Is eating healthy a form of activism? It is for some. The British BPS posted an article about one such teen.

A quote from the original source:

Adolescents are sometimes characterized as concerned only with short-term selfish aims, but recent developmental science high- lights that this is a period of increased concern for social justice and beyond-the-self aims (15, 16). This phenomenon is instantiated by attraction to social movements such as vegetarianism or antiglobalization activism (17) and is tied to neural and endocrine system developments that heighten attention to unfairness (18) and create a greater concern for finding meaning in life (19). This attention to social justice often manifests as reactance against authorities (e.g., parents and teachers); adolescents are often highly motivated to avoid being seen as aligned with the interests of unjust adult authorities. But it can also manifest as a more general condemnation of societal unfairness and motivate prosocial action to address that unfairness (16). The opportunity to have a meaningful impact on the world beyond the self can create a powerful feeling of eudaimonic reward in the immediate term (15 – 17, 19).

Some thoughts on the research and the title of the article.

Looking at the study, 75% of subjects in the treatment group chose a sugary drink (control: 82%) the day after the intervention. So only a very small minority made a different choice (7%), compared to control. This pretty much invalidates the title: "Teens reject junk food when healthy eating is framed as rebellion".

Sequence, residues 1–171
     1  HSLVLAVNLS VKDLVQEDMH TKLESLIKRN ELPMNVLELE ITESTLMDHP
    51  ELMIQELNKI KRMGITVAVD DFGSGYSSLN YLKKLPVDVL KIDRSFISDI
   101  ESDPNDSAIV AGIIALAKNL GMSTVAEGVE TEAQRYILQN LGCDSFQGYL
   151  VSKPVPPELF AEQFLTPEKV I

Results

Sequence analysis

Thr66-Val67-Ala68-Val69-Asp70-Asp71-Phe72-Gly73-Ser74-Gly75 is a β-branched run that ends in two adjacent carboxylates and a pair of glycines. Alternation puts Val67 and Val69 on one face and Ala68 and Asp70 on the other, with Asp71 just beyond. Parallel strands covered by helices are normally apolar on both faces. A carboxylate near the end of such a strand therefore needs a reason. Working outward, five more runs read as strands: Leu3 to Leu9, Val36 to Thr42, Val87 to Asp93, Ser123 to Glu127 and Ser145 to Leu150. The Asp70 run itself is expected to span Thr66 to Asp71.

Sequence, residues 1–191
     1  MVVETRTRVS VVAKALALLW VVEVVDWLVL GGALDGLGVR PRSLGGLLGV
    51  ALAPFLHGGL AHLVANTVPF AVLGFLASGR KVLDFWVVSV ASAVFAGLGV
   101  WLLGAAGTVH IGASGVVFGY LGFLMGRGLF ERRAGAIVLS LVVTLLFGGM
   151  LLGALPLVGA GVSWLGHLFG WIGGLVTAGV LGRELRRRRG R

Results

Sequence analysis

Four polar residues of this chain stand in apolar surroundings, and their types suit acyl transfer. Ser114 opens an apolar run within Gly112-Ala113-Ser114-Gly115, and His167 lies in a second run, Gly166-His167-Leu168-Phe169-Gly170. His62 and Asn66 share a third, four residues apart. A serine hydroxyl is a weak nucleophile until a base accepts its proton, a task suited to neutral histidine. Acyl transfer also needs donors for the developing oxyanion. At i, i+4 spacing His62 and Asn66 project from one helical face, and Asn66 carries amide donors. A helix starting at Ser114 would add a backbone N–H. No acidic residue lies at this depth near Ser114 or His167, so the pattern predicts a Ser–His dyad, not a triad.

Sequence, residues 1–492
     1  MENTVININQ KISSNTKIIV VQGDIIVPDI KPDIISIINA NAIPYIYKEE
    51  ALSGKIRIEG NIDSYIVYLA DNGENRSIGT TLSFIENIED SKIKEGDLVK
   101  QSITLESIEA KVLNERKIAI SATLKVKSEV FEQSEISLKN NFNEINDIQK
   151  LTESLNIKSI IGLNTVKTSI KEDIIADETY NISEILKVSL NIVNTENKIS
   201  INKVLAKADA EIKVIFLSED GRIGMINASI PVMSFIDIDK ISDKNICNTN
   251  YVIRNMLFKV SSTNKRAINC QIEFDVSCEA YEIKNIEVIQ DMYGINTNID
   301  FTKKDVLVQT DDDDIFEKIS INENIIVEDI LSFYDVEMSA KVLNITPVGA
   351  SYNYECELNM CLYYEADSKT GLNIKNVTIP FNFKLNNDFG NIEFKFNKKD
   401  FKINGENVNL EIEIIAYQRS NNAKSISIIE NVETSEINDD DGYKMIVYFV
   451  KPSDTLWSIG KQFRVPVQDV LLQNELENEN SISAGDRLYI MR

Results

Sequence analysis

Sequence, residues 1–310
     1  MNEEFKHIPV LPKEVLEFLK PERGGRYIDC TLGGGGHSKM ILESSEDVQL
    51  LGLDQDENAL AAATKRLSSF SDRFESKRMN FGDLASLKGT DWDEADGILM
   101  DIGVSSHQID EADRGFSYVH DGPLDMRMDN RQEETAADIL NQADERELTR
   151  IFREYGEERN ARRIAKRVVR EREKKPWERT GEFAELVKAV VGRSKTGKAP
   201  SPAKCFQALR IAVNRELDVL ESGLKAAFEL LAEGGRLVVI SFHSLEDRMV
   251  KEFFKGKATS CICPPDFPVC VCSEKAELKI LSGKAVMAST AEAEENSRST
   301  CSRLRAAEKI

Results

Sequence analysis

Also, since the study only tested choices 1 day post-treatment, we don't know anything about long-term effects. What are their choices 1 week after the intervention? 1 month? 1 year? Do they need to be reminded in frequent intervals for the treatment to work?

What about contexts outside of school?

The title is consistent with the results of the paper. It's better to look at the statistical significance, rather than raw percentage, which actually isn't all that useful as a metric of significant difference. From the paper:

Adolescents chose fewer junk food options in the exposé condition than in the control: MControl = 2.30, SD = 0.79; MExposé = 2.13, SD = 0.85; ordered logistic regression, χ2(1) = 5.34, P = 0.020, d = 0.22

It was a significant difference. Meaning the experimental group was significantly less likely to choose junk food options compared to the control group. You can argue about the effect size if you want, but you can't simply say the title has been invalidated, full stop.

I actually kind of feel like eating healthy is much more 'chic' and fashionable than it was maybe 10 years or so ago.

So instead of rebelling like teens would, young adults make themselves appear more sophisticated by their well-informed food choices. Just look at how much people love avocados now. Or how many healthy meals are posted to Instagram. I think because eating well makes you look attractive (thin, healthy skin, etc) its the natural leap to think that healthy food is sexy food.

So it manifests differently in adults, but still follows the same sort of path, I think.